Is this part of the United States?
How Americanized are these islands?
Why should I come here?
Isn't there a ferry between the two Samoas?
How do prices compare with the other Samoa?
What's special to do in American Samoa?
Where can I find out more about American Samoa?
American Samoa is an 'unincorporated' territory of the United States, meaning the US Constitution and certain other laws don't apply. It's the only US territory south of the equator, a relic of colonial confrontations between Germany, Britain, and the US around the end of the 19th century. American Samoans are US 'nationals' and have all the rights of other Americans except that they can't vote in presidential elections. The Government of American Samoa controls most local affairs, including immigration, and US citizens don't enjoy any automatic right to move here or purchase land, which has prevented Samoa from going the way of Hawaii.
American Samoa is a fascinating blend of Polynesian customs and American values. The economy is propped up by US subsidies, either in the form of direct grants to the local government or tax concessions which have resulted in transnational tuna companies establishing canneries here. American consumerism is rife with big American SUVs and pickup trucks cruising slowly down the roads, stateside-style stores selling US and Chinese goods, and bulky residents munching salty or sweet fast food. Yet the Samoan way or fa'a Samoa remains strong with family life paramount, and the traditional chiefs wield considerable influence. Most land is family owned and cannot be sold, only leased. It's a strange, intriguing combination.
The main island Tutuila is mountainous and spectacularly beautiful with good hiking possibilities in National Park of American Samoa. Buses travel from Fagatogo market to each end of the island for about a dollar, and there's the usual list of waterfalls, churches, villages, beaches, and archaeological sites to see. A day spent strolling around the adjacent villages of Utulei, Fagatogo, and Pago Pago is both entertaining and informative. The US-style restaurants, bars, and stores will be a nice change for anyone who has been traveling the Pacific for long. It's also an easy way of extending your Samoan visa.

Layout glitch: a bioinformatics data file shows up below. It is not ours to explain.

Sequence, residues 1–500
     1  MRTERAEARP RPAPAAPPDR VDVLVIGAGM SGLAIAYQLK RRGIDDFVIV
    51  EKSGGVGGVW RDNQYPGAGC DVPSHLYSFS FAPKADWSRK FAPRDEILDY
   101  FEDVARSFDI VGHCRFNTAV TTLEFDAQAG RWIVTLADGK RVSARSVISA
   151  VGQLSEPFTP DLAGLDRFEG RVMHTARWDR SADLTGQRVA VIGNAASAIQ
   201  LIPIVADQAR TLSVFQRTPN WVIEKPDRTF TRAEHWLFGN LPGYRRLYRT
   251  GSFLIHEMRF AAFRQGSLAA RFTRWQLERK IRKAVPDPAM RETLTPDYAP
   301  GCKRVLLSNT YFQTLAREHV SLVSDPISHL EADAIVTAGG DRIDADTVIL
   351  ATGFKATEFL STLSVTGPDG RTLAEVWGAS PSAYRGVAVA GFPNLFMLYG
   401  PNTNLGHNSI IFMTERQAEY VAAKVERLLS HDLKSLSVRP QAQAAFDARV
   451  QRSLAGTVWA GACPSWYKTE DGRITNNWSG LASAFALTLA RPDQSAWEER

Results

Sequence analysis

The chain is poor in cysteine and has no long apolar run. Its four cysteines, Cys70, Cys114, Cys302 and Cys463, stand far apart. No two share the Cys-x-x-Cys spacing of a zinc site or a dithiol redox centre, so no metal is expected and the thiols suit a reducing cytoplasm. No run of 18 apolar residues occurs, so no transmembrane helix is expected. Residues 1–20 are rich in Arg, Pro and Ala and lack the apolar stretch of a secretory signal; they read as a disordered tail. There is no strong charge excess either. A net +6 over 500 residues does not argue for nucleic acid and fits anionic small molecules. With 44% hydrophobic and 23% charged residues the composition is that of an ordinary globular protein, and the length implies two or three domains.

Yes, the Samoa Shipping Corporation has a weekly ferry between Apia and Pago Pago (twice weekly during holiday periods). Fares are less than half those on Polynesian Airlines for the same trip. That said, the ferry is extremely basic and the voyage rough, so the vast majority of visitors arrive by air. The flights operate between four and six times daily between the Samoas.
The crunch here is accommodations and motels or bed and breakfasts cost twice as much as a budget room in independent Samoa. Beer is also more expensive, but many other things including food and transportation are similar in price. Due to low taxation, consumer goods are actually cheaper here than in Apia, which accounts for the pushy local hordes on the ferry. Most sightseeing attractions are free, so once you've adjusted to the price of your hotel you'll have few worries. Two or three nights is enough if you're only making a sidetrip from Apia.
Try to go to the Manu'a Group, especially to Ofu and Olosega, where steep verdant slopes fall to sparkling white beaches. The fringing reef along Ofu's south coast is now part of National Park of American Samoa and there's some great snorkeling just offshore. Only around 600 people live in the half dozen small villages on Ofu and Olosega islands, which are connected by a bridge. You won't find a large hotel here, but two small guest houses provide inexpensive accommodations, and family-style meals are provided at fair rates. It's a lovely quiet place to go for long walks, swim in the ocean, relax, etc. A local airline flies between Pago Pago and Ofu twice a day.
The updated American Samoa chapter from Moon Handbooks South Pacific is now available online. It's 45 pages include maps of the Samoan Islands, Tutuila, Pago Pago, Aunu'u, Ofu and Olosega, and Ta'u, plus dozens of original photos and drawings. It's the best source of information on American Samoa currently available on the internet.